July 28, 2016 –
Ruslan Ostashko, PolitRussia –
Translated by J. Arnoldski
On August 9th, the presidents of Russia and Turkey will meet in St. Petersburg. They will discuss bilateral relations and, of course, the “Turkish Steam” which has found its way back on to the agenda, along with Erdogan’s apologetic letter. Let’s figure out whether or not we need Turkish Steam now and whether it is worth engaging in similar projects with the Turkish President.
In my opinion, we clearly need this project and we have to work with Erdogan simple because it is beneficial for us. Turkish Stream will help achieve several important strategic objectives.
First of all, Turkish Stream will allow us to finally destroy the value of Ukrainian gas transit. This will lead to the termination of the yearly blackmail which Kiev engages in. And, if necessary, it will allow us to shut off gas to Ukraine without violating our obligations to European customers.
Secondly, the appearance of a project with an alternative gas pipeline will force Germany to actively promote the Nord Stream 2 project and forcefully lobby its approval through the European Commission. Merkel has already recognized that Nord Stream 2 is a purely economic project and that German business will not forgive her if Germany misses this opportunity to become a major gas distributor in the EU.
And now a few words about Erdogan’s role. Yes, he is an immoral, bloody dictator, traitor, nationalist, and Islamist. But there are no angels in politics and Turkey’s president could serve as an effective tool for influencing the EU. In his relations with Europe, Erdogan has a wonderful trump card: he can once again send a flood of refugees to the EU which would be a real nightmare for European leaders, especially following the series of terrorist attacks in Germany.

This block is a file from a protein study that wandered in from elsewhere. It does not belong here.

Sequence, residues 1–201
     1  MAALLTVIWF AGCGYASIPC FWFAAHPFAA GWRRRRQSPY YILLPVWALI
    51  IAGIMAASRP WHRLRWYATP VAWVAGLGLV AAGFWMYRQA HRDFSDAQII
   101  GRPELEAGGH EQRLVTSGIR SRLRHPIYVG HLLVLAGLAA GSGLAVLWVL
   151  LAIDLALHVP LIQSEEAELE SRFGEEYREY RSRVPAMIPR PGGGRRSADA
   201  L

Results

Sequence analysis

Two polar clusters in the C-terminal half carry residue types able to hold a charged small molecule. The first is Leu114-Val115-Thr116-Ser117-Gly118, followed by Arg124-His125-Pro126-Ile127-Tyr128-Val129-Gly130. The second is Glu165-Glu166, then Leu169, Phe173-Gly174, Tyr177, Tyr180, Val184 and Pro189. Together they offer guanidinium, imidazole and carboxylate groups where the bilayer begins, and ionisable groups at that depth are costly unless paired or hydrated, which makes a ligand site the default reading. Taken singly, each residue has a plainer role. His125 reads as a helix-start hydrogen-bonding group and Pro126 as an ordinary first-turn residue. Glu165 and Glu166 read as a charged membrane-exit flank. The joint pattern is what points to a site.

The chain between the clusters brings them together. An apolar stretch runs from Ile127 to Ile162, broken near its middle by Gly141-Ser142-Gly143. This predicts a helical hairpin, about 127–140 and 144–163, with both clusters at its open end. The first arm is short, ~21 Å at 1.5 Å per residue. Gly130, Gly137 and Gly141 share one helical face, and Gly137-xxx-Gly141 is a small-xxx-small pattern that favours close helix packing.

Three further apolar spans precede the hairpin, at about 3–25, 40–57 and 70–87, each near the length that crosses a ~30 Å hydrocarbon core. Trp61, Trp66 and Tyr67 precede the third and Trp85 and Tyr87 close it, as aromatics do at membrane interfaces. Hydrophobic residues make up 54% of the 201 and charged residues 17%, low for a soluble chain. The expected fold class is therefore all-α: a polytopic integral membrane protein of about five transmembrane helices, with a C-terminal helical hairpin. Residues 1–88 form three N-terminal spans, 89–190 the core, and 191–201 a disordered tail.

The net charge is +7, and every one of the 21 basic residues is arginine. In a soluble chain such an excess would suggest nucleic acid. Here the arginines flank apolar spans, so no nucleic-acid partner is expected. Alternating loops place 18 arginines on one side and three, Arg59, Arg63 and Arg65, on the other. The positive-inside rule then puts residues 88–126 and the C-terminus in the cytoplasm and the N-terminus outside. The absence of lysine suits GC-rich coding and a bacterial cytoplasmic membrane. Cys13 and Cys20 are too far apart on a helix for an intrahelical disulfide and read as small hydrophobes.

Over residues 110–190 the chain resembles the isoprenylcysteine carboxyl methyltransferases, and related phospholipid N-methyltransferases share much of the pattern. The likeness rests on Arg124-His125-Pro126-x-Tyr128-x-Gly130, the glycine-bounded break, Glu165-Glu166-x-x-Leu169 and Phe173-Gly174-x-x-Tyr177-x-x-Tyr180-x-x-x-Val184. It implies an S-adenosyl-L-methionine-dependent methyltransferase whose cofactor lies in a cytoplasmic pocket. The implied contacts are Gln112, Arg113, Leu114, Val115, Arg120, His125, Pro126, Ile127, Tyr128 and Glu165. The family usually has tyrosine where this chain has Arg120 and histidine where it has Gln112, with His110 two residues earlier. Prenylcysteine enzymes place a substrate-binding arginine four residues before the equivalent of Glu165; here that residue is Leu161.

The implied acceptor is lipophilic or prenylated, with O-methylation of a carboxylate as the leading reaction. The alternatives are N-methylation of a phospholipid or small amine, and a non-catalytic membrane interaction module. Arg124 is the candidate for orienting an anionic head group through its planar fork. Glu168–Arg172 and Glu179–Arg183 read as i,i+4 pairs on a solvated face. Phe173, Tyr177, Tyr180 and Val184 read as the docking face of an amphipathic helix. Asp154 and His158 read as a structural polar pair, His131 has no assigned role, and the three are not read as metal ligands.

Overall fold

However, there is no benefit for Ankara in this and Erdogan cannot get any tangible bonuses for blackmail. Sure, he’s been promised billion of euros, but the Europeans have almost immediately ditched him and, what’s more, demanded control over spending. The Turkish leader clearly doesn’t need this. He was counting on the acceleration of negotiations on Turkey’s membership in the EU or at least a visa-free regime. But now it is clear that the EU will never go for this.
In thesw circumstances, Turkish Stream is manna from heaven for Erdogan.
Firstly, Turkey will significantly strengthen its influence on the South of the EU and its position in negotiations with the EU as a whole following the realization of this project.
Secondly, Turkey will draw closer to its coveted role of being a regional gas distributor and will draw in revenue from transit for many years to come.
And, most importantly, Turkish Stream will be a wonderful tool for restoring relations with Russia.
Erdogan will get all of these bonuses if he can force the European Commission to give a green light to the pipeline. Erdogan’s decision will be able to be judged after his meeting with Putin. He has tools for blackmailing the EU and relations with the Americans, who are against the pipeline, are already so corrupted that the Turkish leader has all the chances of achieving a launch of Turkish Stream.
This does not mean that we will forgive him for everything. But this does mean that it is worth protecting him from new coup attempts. Emotions aside! We must remember national interests above all else.